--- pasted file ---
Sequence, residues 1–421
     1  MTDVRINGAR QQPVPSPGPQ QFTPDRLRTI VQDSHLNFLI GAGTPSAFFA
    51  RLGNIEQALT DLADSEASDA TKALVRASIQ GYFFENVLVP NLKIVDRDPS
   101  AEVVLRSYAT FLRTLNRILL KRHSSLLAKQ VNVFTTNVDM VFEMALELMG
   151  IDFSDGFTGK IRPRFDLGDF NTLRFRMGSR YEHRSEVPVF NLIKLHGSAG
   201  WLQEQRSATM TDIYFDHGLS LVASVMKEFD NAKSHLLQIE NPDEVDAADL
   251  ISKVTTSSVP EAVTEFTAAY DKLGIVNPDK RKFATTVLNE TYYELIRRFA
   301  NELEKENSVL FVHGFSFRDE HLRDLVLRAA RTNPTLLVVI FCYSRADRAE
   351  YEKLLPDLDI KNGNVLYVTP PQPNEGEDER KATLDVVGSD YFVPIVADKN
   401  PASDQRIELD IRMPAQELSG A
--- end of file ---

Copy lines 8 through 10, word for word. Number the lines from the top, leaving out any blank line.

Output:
   301  NELEKENSVL FVHGFSFRDE HLRDLVLRAA RTNPTLLVVI FCYSRADRAE
   351  YEKLLPDLDI KNGNVLYVTP PQPNEGEDER KATLDVVGSD YFVPIVADKN
   401  PASDQRIELD IRMPAQELSG A